Google is again modifying both the calculation and impact of their ‘Quality Score’ metric. As with most Google changes, the stated goal is improving search quality and user experience. The coincidental result is that Google will make more money.
There are two changes this time:
- Quality score will now be ‘position adjusted’ to take into account the location of the text-ad when the click-through occurs. This makes it ‘more accurate’. Makes me wonder why this didn’t happen a long time ago. This increases the value of extensive text-ad testing.
- Quality score can now cause an ad to move above another ad it would normally rank below IF this jump pushes the ad to the top of the page (rather than the right edge). (That’s a bad quick summary, read the Google announce for the details.)
Beyond these details what strikes me is how important quality score has become to paid search management and results.
Quality score drives bid requirements, quality score drives ad position, quality score drives impression share, and now quality score drives the chance to leapfrog your way to the top center of search result pages.
What Do We Know About Quality Score?
Although quality score plays a central role in how your money is spent and made in Google Adwords, it is officially a ‘secret formula’.
Like PageRank on the SEO side, Google makes only vague pronouncements while pundits and practitioners share theories and recommendation endlessly – but nobody can tell you definitively how to maximize your quality score.
It still isn’t even that easy to see your quality score, although it is getting easier. Google recently changed the way they display quality score – giving it an integer value – but it’s still under a ‘work for it’ pop-up in the Adwords interface. On the positive front, they have finally added quality score to the API (thank you!) so third-party tools can begin to make use of it.
But also like PageRank the scores tend to clump around certain values, and the distinctions between close numbers aren’t obvious.
Also, and this is just a hunch, I’d bet nearly anything Google doesn’t maintain or use the number as an integer. So two keywords from two different bidders that both show a QS of ’7′ might in fact be one with a 7.0001 and another with a 7.9998.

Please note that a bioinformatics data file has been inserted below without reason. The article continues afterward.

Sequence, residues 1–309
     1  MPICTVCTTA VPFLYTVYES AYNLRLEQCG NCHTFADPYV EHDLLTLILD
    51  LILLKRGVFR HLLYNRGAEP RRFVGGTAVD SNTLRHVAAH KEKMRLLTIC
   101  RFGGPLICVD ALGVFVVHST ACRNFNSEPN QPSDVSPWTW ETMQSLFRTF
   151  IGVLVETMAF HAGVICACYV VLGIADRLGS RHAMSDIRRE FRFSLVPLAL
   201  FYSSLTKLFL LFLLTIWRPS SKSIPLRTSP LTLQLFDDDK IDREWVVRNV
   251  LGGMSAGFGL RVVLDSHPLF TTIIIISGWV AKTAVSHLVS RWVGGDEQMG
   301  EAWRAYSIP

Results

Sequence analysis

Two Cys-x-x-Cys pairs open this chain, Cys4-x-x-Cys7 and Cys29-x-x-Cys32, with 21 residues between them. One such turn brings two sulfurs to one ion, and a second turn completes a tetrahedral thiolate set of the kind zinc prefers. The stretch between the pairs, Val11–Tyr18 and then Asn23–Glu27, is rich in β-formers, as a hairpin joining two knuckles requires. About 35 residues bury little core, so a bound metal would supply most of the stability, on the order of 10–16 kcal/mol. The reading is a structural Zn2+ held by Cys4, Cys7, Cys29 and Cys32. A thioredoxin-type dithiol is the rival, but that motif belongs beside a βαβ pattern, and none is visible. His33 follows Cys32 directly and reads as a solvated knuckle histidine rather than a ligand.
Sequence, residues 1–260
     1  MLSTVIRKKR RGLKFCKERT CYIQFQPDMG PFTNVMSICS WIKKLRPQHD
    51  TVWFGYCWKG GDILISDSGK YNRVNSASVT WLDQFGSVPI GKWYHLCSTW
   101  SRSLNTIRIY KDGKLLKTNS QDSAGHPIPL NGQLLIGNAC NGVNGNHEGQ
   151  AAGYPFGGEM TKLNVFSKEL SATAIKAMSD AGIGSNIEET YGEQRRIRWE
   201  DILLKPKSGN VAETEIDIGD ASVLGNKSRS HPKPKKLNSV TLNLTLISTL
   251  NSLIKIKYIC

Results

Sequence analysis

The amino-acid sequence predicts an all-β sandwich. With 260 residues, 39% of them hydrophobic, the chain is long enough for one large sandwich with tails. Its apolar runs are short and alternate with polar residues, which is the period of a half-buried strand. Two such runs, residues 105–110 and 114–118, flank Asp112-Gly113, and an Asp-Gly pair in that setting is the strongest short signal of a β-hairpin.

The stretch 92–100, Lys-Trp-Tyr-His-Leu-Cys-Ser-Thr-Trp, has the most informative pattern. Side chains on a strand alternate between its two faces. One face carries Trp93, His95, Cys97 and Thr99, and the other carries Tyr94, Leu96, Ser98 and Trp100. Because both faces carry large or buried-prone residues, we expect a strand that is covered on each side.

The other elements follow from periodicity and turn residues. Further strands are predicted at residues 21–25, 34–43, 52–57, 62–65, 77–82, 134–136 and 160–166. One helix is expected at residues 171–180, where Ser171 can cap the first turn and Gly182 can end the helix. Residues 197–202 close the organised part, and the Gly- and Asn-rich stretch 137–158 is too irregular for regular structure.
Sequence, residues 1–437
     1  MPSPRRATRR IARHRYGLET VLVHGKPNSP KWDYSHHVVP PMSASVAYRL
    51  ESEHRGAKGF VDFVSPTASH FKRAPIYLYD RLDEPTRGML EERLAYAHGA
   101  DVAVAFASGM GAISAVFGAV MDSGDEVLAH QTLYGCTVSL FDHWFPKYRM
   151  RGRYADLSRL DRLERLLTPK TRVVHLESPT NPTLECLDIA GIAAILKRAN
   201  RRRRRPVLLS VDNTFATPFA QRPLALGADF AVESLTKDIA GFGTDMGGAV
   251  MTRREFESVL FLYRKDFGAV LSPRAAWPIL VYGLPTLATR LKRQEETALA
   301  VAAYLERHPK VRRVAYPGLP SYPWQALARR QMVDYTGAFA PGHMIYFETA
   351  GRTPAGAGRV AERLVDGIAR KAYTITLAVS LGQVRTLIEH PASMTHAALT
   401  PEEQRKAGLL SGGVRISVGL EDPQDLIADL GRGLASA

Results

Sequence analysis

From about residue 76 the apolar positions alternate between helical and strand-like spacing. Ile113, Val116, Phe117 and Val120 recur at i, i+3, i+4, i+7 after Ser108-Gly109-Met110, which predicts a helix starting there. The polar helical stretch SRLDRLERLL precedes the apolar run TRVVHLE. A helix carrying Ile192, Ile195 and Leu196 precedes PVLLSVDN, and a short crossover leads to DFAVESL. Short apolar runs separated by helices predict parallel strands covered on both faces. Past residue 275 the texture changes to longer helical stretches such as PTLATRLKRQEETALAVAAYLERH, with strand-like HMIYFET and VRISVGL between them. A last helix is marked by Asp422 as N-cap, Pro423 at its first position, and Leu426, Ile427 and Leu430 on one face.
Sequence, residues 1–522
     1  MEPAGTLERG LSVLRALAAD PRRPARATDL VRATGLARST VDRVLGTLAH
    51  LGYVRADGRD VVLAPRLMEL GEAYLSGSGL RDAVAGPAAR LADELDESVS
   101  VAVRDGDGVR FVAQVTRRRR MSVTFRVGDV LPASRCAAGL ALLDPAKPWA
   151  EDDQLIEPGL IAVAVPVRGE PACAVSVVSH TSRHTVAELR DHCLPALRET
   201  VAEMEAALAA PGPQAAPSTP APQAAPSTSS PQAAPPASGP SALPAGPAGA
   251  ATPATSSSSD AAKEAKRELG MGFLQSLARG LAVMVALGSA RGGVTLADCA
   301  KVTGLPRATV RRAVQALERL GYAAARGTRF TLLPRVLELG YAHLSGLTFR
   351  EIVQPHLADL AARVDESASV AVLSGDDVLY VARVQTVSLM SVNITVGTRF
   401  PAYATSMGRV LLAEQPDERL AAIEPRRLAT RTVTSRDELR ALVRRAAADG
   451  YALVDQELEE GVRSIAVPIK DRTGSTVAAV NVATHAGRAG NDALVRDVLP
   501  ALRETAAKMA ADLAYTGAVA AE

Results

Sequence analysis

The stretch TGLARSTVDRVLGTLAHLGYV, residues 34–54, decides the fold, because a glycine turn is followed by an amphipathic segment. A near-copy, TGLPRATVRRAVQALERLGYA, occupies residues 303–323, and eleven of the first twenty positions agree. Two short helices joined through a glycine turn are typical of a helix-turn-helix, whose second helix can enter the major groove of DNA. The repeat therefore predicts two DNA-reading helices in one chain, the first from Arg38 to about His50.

- Google has an awesome business. They sell a product with secret specifications which are subject to change, and charge whatever they want without even telling anyone why or how. Nobody but the Mafia selling protection services to local merchants ever got away with this before.
- Advertisers have to really play the ‘chase the quality score ghost’ game. Obsess about CTR’s and align as many of the other known factors as possible. Live with the fact that you’ll waste time trying to please the QS algorithm because there’s no published list for how to get into quality-score-heaven.
- Advertisers should continue to clammor for more openness from Google as to what counts, how much, when, and how we’re charged accordingly. Neither #1 or #2 should be true.
- I need to spend a lot more time thinking and writing about Quality Score. It’s a big deal.
One thought I wasn’t able to put in the last post about missing and misleading click data, was about keyword click-through-rates.
Do keywords really have click-through-rates?
Objectively they do because the engines report them. But does that make sense?
If A Keyword Falls In The Forest, And The User Doesn’t See It…
The user doesn’t even know the keyword exists. The user typed a query (which in some small percentage of searches was exactly matched to the keyword, but far more often was only related to the keyword) and was shown (if they even saw it) a text-ad (containing some specific copy) in some position on the page in relation to a number of other text-ads (not to mention the organic search results.)
What portion of the influence in that click, or lack thereof, did the keyword have?
- We know different text-ad copy produces different CTRs.
- We know different positions result in different CTRs.
- We know that the presence or absence of specific competitive adds produce different CTRs.
- We know different queries that may match to the same keyword in broad or phrase match type have different CTRs.
- We can assume that CTRs vary by time and the geography of the user.
- There must be a couple of other factors I’m not thinking of right now… (comments?)
So does the keyword really have a CTR, or do the combinations really have CTRs? Clearly the Keyword CTR is the average of a range of different situations and conditions.
The Average Average is Only So-So
There are a lot of averages presented in search analytics. That’s necessary as we can’t handle all the granules, but close attention must be paid to the composition of these averages, lest they be less than clear or useful.
If the campaign is reasonably constructed in terms of organization and match type application, and are being reasonably run (meaning the text-ads and bids have both logic and dilligence being regularly applied to them), then the average CTR as reported for keywords can be useful. If any of these elements are missing, the utility dwindles rapidly.
As with most averages in PPC reports, if you aren’t sure dive down and look at the components – the more performance diversity you find inside the less weight you should place on the average.
Know Your Metrics
Just another example of the fact that even the simple metrics of paid search have more to or behind them than you might realize, and how some understanding and healthy skepticism can help you get closer to truly understanding what’s happening in your campaigns.